Vice President of Research & Development at Nutrisystem
On the surface, the role of exercise in a weight loss program seems clear: exercise burns calories, which helps you lose more weight. It’s true that physical activity – whether we’re talking about walking from one side of a room to the other or working up a serious sweat at the gym – adds to the number of calories your body burns. But how much weight can you lose by exercising?
I guess the best way to answer that question is “it depends on how much physical activity you’re willing to do.” Consider that an overweight person, on average, will burn about 100 calories by walking 1 mile. (That person will also burn about 100 calories by jogging a mile – they’ll just get there faster.) Also consider that a pound of fat is worth about 3500 calories. So to lose a pound, just by walking, you’d have to walk about 5 miles a day every day for a week. A study that looked at the effects of exercise – without reducing food intake – on weight loss found that people who were given a high-intensity exercise prescription (equivalent to jogging 20 miles per week) lost about 8 lb over 8 months. Certainly, an 8 lb weight loss is nice, but it may not feel like enough reward for the effort of jogging 20 miles per week for 8 months! Some studies even suggest that a weight loss program of diet and exercise results in the same amount of weight loss as a program of diet alone.
This is not to say that you shouldn’t exercise as part of your weight loss program. You certainly should! Besides burning calories, physical activity has a number of well-established health benefits. Even if you don’t lose an ounce from exercising, here’s a sampling of aspects of your health that improve with exercise:
- – Cardiorespiratory fitness
- – Insulin sensitivity
- – Mood
- – Bone health
- – Blood pressure
- – Memory/Concentration
- – Body composition
- – HDL (“good”) cholesterol
- – Quality of Life
Body composition is an interesting one. When you lose weight, most of what you lose is fat or (especially in the beginning) water. But you also lose fat-free mass, which includes muscle. When you exercise during weight loss, the ratio of fat to fat-free mass that you lose is greater. In other words, being physically active helps you lose more of what you want to lose and keep more of what you want to keep.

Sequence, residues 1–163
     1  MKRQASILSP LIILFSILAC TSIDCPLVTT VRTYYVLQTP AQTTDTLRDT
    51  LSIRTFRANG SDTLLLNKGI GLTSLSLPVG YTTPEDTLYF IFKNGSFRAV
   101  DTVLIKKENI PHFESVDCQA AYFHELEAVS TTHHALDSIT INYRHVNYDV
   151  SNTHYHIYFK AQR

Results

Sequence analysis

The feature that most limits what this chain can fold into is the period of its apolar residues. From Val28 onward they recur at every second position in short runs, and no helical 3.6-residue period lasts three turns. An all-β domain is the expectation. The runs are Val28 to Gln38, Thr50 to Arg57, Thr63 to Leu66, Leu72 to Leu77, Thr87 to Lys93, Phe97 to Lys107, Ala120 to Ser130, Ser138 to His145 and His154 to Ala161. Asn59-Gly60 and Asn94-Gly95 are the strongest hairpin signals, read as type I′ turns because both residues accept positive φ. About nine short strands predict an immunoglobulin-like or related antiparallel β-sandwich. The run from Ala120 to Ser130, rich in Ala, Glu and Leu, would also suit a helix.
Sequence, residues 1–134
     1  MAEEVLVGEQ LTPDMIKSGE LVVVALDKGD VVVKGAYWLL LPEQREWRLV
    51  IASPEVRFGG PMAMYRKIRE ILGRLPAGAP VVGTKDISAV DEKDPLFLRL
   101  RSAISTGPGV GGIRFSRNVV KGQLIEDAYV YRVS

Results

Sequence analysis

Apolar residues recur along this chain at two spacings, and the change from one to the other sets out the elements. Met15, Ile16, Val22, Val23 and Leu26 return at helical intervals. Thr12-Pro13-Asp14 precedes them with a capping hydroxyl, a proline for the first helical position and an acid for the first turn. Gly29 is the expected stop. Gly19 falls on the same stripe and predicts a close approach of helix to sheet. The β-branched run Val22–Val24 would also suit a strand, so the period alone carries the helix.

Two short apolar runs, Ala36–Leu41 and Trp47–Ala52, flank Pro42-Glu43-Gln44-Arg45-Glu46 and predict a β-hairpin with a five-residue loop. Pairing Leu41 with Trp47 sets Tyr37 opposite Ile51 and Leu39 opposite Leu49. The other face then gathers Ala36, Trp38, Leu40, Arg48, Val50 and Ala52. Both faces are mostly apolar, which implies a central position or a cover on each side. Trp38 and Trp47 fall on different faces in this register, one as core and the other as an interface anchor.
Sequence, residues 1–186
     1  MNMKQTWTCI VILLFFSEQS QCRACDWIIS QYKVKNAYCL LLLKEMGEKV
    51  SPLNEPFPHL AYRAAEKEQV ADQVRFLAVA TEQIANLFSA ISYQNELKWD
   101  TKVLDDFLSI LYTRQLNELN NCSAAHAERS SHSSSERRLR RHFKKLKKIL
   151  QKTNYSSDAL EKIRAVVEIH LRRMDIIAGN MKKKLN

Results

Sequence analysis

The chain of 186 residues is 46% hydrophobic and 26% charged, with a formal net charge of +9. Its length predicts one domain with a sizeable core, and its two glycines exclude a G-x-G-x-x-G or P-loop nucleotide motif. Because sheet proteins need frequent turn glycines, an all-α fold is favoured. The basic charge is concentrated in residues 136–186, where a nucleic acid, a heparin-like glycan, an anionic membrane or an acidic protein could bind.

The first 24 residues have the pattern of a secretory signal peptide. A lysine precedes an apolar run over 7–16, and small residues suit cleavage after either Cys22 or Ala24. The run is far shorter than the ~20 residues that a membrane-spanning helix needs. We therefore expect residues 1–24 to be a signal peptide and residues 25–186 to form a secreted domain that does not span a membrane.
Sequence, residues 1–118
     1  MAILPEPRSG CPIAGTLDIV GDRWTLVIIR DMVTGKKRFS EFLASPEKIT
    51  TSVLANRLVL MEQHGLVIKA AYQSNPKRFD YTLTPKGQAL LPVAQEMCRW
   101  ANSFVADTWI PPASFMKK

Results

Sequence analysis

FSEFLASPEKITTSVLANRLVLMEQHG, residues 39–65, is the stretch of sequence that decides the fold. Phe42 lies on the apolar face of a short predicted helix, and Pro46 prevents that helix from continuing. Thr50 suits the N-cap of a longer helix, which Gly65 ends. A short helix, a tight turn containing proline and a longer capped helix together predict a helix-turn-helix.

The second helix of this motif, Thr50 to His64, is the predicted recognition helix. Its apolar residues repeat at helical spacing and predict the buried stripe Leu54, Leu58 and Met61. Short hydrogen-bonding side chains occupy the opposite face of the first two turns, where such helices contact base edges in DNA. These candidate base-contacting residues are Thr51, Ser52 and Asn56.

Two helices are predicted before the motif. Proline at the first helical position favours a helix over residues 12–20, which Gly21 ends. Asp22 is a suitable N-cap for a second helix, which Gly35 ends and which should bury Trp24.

When it comes to weight loss, though, probably the clearest benefit of exercise is in helping you keep weight off. There’s a database called the National Weight Control Registry (NWCR), which contains a lot of valuable information about people who are successful not only in losing weight, but also in maintaining that weight loss. Everyone in the registry has lost at least 30 lb and kept it off for at least 1 year. One thing that stands out about NWCR members is that they tend to do a great deal of physical activity. Some are very serious about working out and spend several hours per week doing vigorous exercise. But, by far, the most common activity that NWCR members report is… (drum roll please)
So if you haven’t already, get moving. But keep your expectations in check. Don’t expect to see your weight loss speed up when you exercise. The contribution to your weight loss might be too small to notice. And you probably won’t feel improvements in insulin sensitivity, body composition, good cholesterol, and the like. That doesn’t mean that your health isn’t improving behind the scenes. You’ll also be building a habit that will help you maintain your weight loss success over the long term.